EXHAUST HOODS AND FANS Florida cleaners must also be certain that the red-colored covers on fire suppression nozzles remain in place during and immediately after the cleaning procedure. The likelihood of grease accumulating and clogging the actual nozzles increases when they are allowed to dangle for an extended period of time. When the fire suppression system is activated, clogged nozzles might impair the system’s capacity to extinguish the flames that have been started.
More than just soap, water, and labor are required to thoroughly clean such systems. All of the grease that collects in a kitchen area creates a unique fire danger that must be eliminated with the use of specialized chemicals and high-powered instruments that are only used by experts who have received the appropriate training.
The National Fire Protection Association (NFPA) Standard 96 specifies the bare minimum fire safety requirements for the design, installation, operation, evaluation, and maintenance of all commercial-grade equipment.
Exhaust hoods, ductwork, and fans are examples of what is required in this situation.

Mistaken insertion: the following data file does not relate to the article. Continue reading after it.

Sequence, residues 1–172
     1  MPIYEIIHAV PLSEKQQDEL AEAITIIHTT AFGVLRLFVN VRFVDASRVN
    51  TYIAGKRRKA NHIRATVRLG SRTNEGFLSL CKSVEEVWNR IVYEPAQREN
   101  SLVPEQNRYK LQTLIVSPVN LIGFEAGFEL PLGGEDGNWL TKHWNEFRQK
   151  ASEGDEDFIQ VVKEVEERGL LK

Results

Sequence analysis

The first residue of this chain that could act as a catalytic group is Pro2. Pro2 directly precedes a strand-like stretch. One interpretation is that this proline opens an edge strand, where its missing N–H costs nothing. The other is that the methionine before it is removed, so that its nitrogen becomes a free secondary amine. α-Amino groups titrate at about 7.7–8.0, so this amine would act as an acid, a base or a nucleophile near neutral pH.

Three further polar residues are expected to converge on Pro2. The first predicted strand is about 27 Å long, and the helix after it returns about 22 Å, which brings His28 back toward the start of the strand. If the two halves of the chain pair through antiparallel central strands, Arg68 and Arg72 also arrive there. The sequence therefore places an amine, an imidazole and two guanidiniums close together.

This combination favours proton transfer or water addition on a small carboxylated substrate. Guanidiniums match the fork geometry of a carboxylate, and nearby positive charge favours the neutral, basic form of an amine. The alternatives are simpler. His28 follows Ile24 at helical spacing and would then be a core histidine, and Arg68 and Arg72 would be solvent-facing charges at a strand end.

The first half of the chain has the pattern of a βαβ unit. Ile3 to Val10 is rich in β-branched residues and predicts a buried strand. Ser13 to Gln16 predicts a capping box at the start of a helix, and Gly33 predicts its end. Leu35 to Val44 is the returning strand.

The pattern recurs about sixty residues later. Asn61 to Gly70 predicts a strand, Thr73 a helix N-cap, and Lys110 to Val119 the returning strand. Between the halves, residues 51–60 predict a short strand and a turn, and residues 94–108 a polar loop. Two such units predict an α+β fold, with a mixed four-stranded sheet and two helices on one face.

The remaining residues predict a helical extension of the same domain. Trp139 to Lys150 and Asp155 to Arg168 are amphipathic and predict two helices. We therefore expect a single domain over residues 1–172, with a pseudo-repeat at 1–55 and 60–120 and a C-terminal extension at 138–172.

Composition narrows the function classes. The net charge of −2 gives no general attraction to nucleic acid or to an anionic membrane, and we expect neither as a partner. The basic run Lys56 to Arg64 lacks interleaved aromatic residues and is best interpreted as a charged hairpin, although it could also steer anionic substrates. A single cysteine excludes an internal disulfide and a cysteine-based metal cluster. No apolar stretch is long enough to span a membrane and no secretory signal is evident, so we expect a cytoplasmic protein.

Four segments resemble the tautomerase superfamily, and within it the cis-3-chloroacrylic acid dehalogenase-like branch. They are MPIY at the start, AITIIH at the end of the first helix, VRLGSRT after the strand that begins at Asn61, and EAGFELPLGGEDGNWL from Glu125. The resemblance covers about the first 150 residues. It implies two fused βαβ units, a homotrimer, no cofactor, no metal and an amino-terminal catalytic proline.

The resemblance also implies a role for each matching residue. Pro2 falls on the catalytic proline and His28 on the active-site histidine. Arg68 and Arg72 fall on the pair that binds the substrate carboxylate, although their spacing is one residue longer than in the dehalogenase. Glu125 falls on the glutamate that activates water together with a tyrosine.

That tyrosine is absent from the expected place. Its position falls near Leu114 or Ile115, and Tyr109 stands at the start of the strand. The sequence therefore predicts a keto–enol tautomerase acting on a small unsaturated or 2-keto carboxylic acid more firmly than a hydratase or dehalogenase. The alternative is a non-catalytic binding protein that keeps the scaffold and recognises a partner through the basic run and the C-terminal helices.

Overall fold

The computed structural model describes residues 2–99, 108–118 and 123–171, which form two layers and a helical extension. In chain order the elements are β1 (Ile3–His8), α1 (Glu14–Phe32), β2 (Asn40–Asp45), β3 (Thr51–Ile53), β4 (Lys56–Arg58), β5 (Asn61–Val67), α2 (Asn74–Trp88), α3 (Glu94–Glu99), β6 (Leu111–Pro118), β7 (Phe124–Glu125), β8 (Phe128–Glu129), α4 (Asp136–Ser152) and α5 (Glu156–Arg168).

Every three months, it is recommended that you thoroughly clean your range hood and also your fans. By delaying this activity, not only does it increase the likelihood of grease fires, but it also encourages microbial development, which may be quite harmful.
In order to provide a realistic and better quality of security against an actual fire or explosion, the standards for this industry-standard from the International Kitchen Exhaust Hood Cleaning Association are critical, and these specifications are available online.
According to the IKEHCA website, routine maintenance of a restaurant’s kitchen exhaust system is a critical component of securing a kitchen from fire threats and preventing fires. Keeping a system operating at peak efficiency means that smoke and grease will be drained from the building, resulting in a cleaner, cooler kitchen area and a more conducive working atmosphere for the staff members.